After Capt Jotham's death his father received letters from several of his son's fellow officers, including one dated 20 March 1915 from Maj Walter St Hill of the Royal Fusiliers, who had become acquainted with Jotham when the latter was on leave. In this letter he described what happened during a train crash, when Jotham 'played a notable part' in rescuing trapped passengers in a railway coach following a crash of the Edinburgh and Glasgow expresses at Aisgill Junction. The rear coach of the Glasgow express was telescoped by the Edinburgh express and the coach caught fire; Jotham rescued four passengers. Sixteen people died in the crash. Hill was in the same coach and took part in the rescue where he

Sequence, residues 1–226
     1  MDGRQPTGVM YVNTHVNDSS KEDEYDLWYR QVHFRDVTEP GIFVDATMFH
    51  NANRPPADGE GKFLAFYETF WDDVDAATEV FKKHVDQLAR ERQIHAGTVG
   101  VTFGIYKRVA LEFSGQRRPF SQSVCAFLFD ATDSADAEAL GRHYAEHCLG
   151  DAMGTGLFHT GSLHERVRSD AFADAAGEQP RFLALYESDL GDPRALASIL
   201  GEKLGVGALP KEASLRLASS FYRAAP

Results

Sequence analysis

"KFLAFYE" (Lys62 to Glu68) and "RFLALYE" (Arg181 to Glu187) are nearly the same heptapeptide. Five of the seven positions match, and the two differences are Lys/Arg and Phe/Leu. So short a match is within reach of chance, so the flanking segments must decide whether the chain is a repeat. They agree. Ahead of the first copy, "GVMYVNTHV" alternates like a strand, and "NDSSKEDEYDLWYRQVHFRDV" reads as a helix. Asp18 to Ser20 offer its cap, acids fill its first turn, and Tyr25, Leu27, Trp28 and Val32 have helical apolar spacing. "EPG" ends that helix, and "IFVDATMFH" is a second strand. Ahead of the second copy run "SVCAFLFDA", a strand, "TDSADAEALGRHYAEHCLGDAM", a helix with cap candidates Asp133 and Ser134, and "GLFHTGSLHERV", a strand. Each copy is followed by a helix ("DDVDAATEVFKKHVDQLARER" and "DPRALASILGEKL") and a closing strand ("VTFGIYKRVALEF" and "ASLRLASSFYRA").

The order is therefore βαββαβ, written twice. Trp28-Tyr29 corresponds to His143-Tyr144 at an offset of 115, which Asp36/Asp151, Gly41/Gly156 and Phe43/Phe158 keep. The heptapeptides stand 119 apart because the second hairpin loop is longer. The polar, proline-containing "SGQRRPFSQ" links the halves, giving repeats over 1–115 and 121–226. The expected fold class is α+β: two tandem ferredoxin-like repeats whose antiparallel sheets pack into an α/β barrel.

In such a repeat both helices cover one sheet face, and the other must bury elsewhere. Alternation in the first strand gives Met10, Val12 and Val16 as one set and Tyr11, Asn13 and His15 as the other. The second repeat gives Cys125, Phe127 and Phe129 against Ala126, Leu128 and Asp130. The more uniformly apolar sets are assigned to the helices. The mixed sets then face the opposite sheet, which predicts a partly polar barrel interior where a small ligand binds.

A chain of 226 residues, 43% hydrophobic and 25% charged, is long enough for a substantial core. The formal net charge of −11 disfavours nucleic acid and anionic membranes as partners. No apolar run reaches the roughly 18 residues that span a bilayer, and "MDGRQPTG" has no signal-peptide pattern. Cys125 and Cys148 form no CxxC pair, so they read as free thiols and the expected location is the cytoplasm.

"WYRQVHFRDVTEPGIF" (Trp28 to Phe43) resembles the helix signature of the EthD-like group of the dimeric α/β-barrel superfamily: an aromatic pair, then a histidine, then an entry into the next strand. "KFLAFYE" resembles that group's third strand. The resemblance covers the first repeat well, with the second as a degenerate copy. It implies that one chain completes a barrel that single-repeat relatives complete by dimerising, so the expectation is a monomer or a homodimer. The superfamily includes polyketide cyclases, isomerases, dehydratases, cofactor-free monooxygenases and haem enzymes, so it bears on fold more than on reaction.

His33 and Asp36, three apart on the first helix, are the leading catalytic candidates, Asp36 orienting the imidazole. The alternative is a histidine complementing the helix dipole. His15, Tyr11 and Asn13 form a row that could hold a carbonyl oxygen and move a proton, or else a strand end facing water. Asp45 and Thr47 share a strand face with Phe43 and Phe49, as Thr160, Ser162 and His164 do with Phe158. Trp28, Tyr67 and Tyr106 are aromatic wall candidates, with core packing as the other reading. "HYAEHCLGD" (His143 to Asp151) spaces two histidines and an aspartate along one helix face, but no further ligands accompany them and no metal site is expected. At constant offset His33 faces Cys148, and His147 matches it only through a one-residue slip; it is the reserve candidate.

noticed a man working with ceaseless energy and pluck and always in the right directions. He was on the top of the compartment, already a mass of flames, handing out the poor people as we could extricate them. The while talking to them as if nothing was at stake and cheering them with kind words. He actually, to my certain knowledge, handed out four himself, his hair singed, his coat and cap on fire, working quite unconcernedly. . . . We travelled together to Leeds, and during this journey I took to him in a way that I think I have never done to any man before. We wrote to each other at Christmas, 1913, and on 12th Dec. . I received a regimental card from him, on which he wrote that 'it was hard to be shut up in a mud [?] sun-baked fort when he longed to be in France, where he hoped I now was.' I at once replied, and to my sincere regret the letter was returned to me marked, Deceased, killed in action.
Another of the many letters sent to Jotham's father was one dated 1 August 1915 from Lt Col G. Roos-Keppel writing from the Chief Commissioner's Camp, N.W. Frontier Provinces.